Section 103 Unit 5 Flashcards Preview

CFP > Section 103 Unit 5 > Flashcards

Flashcards in Section 103 Unit 5 Deck (34):

Investment risk

Investment risk is the uncertainty that an investment’s actual, or realized, return will be different from its expected return.


Expected return

Expected return is the return that the investor demands or expects to make and is computed by multiplying each of the investment’s possible annual returns by the probability that they will occur and adding the results.


Total or Absolute Risk
Two Components

Unsystematic, or diversifiable, risk
Systematic, or nondiversifiable, risk

total risk = unsystematic risk + systematic risk

Total risk may be quantified, or measured, by standard deviation, whereas systematic risk may be measured by an investment or portfolio’s beta coefficient, or beta. Because unsystematic risk may be effectively managed by the construction of a diversified portfolio, the risk with which the investor should be most concerned is systematic risk.


Unsystematic risk

Unsystematic risk, also known as diversifiable risk, is risk that affects only a particular company, country, or sector and its securities. This risk is not correlated with stock market returns.


Business Risk

Business risk is the uncertainty of operating income. (Unsystematic risk)


Financial Risk

Financial risk is the risk that a firm’s financial structure will negatively affect the value of an equity investment. (Unsystematic risk)


Liquidity Risk

Liquidity risk is also a type of unsystematic risk. Recall, liquidity is the ability to sell an asset quickly and without significant loss of principal. (Unsystematic risk)


Default Risk

Default risk is the potential inability of a debt issuer to make timely interest and principal repayments. Junk bonds are particularly subject to default risk. An investment in common stock is not subject to default risk because the issuing corporation is not contractually bound to pay dividends. (Unsystematic risk)


Political Risk

Political risk is the risk that the political and economic climate of a country will negatively affect an investment. Governments have the power to change laws affecting securities. (Unsystematic risk)


Tax Risk

Tax risk is the uncertainty associated with a country’s tax laws that may potentially affect the rate of return generated by an investment. (Unsystematic risk)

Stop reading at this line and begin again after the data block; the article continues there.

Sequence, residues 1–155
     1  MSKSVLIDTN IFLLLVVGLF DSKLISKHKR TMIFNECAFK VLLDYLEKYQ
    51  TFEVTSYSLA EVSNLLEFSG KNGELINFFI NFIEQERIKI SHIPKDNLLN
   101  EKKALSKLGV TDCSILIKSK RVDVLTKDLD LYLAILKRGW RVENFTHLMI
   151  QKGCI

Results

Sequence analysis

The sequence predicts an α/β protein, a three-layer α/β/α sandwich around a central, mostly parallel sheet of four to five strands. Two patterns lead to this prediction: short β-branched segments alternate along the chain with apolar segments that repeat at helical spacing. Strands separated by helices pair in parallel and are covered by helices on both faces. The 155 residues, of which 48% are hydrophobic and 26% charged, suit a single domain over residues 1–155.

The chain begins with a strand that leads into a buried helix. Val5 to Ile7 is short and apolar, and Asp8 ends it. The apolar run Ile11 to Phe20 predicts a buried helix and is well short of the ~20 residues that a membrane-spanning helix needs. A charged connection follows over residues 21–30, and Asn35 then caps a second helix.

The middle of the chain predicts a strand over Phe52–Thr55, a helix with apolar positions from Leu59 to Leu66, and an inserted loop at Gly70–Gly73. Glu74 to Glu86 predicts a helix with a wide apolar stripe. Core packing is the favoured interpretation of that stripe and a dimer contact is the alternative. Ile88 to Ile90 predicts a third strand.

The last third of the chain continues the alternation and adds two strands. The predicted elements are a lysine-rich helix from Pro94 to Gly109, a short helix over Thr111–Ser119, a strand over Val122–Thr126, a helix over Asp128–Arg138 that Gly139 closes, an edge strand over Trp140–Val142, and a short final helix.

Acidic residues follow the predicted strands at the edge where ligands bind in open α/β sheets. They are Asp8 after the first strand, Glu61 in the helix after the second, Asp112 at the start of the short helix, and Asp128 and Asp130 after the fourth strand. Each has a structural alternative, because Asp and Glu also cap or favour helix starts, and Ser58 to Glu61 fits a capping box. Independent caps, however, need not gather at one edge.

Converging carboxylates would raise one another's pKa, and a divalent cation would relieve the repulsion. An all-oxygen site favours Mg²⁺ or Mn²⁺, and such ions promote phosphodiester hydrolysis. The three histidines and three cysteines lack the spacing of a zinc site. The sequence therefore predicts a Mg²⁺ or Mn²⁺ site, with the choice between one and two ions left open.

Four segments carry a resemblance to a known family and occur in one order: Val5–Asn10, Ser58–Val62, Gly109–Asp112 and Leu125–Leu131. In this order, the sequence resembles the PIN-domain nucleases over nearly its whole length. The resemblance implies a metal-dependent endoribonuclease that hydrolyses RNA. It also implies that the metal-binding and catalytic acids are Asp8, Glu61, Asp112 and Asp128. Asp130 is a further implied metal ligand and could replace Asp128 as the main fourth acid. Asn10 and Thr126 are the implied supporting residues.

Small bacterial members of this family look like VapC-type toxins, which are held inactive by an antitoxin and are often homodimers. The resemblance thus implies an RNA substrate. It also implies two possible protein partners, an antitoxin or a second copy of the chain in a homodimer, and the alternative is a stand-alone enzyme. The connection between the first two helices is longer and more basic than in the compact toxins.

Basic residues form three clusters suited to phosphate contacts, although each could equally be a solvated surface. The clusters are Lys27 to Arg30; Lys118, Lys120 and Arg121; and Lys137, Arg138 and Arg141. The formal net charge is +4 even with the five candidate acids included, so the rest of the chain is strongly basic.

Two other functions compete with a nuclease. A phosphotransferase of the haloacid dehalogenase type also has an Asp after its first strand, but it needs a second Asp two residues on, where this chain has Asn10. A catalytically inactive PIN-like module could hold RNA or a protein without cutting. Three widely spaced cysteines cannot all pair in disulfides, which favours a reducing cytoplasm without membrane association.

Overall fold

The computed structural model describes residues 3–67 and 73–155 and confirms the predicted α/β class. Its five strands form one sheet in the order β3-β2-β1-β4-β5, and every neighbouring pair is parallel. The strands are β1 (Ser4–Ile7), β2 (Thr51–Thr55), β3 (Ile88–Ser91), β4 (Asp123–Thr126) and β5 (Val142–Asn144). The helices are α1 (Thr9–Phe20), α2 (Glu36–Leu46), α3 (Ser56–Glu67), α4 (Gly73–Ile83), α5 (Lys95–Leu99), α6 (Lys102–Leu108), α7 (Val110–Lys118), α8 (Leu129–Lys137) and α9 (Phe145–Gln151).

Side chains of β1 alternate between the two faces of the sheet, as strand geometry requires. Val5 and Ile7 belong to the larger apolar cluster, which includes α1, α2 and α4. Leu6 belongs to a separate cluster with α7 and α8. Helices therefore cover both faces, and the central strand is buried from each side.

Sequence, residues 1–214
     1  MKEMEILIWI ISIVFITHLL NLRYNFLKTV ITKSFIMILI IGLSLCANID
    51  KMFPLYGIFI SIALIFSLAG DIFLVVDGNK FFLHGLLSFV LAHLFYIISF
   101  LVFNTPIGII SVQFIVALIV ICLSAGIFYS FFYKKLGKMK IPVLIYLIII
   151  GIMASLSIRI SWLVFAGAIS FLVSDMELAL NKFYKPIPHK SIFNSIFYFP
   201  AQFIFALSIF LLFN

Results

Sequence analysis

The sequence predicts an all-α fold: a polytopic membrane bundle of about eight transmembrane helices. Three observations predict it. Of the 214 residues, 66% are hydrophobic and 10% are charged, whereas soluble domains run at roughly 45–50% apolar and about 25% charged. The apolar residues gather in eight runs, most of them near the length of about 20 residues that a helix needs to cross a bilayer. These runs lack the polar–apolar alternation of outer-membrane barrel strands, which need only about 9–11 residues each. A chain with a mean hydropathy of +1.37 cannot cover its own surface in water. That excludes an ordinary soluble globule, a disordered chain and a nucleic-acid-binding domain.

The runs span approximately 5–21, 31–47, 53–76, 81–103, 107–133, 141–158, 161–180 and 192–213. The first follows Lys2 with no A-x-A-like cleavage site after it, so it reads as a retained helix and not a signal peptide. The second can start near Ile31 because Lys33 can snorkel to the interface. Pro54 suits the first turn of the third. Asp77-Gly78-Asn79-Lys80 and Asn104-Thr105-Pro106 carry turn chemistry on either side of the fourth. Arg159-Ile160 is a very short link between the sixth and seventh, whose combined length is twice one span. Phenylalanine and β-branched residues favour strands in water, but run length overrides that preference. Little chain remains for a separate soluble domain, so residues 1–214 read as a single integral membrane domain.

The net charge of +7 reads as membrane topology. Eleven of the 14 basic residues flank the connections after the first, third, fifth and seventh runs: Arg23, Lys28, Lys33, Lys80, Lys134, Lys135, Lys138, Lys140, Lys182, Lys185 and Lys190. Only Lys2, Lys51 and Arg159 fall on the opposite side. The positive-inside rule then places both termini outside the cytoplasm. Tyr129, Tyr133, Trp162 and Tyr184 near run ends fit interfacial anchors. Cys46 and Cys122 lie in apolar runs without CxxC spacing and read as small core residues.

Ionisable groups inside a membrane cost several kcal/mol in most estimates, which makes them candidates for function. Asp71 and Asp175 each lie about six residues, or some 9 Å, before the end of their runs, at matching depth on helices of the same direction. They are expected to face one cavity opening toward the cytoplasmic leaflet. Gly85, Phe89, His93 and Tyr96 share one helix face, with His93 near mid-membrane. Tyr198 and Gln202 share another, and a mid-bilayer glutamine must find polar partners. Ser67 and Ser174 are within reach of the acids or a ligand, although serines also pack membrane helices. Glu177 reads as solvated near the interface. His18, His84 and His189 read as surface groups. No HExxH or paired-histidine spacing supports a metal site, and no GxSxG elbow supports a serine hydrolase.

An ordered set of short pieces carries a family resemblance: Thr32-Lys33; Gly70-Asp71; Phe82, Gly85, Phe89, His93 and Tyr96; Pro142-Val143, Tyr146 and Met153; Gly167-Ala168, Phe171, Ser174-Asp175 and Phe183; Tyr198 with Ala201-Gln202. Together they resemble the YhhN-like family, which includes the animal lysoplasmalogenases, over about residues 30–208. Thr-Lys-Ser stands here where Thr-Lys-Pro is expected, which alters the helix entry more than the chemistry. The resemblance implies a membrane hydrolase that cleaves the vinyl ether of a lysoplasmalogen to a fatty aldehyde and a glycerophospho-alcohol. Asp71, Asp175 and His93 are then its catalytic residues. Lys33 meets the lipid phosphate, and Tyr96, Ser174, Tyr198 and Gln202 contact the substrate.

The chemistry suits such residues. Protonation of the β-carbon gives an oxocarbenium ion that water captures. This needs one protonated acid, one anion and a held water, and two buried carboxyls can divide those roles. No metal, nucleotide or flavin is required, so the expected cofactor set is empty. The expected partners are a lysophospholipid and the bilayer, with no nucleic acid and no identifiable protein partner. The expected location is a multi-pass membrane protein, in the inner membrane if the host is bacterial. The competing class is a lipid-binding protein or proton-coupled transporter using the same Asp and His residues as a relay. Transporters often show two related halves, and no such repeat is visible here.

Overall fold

Investment Manager Risk

Investment manager risk is the risk associated with the skills and philosophy of the individual manager of an investment fund or account. (Unsystematic risk)


Systamatic Risk

Systematic risk reflects the uncertainty of returns associated with an investment in any type of asset. This part of risk is generally considered inescapable, because the risk of the overall investment market may not be completely avoided. Therefore, a portfolio manager hopes to minimize systematic risk.

The five basic sources of systematic risk are:

Purchasing power (inflation) risk
Reinvestment rate risk
Interest rate risk
Market risk
Exchange rate (currency) risk

To memorize the components of systematic risk, remember the mnemonic PRIME, which uses the first letter of each risk source.


Purchasing Power Risk

Purchasing power risk is the potential loss of the purchasing power of an investment due to inflation. (Systematic Risk)


Reinvestment Rate Risk

Reinvestment rate risk is the risk that proceeds available for reinvestment must be reinvested at a lower rate of return than that of the investment vehicle that generated the proceeds.

Reinvestment rate risk mostly affects fixed income types of investments, particularly those with long-term maturities in a changing interest rate environment.

A way to eliminate reinvestment rate risk is to invest in zero-coupon bonds.
(Systematic Risk)


Interest Rate Risk

Interest rate risk is the risk that the market price of an investment will decline as the result of changes in market interest rates. The most notable investment that is subject to interest rate risk is bonds, whose market prices move inversely with market interest rates. (Systematic Risk)


Market Risk

Market risk is the risk of the overall securities marketplace. The more volatile the movement of a security’s return (as measured by beta), the greater its risk in comparison to a market index, such as the Standard and Poor's 500 index. (Systematic Risk)


Exchange Rate Risk

Exchange rate risk is the risk that a change in the relationship between the value of the dollar and the value of the foreign currency during the period of investment will negatively affect the investor’s return. (Systematic Risk)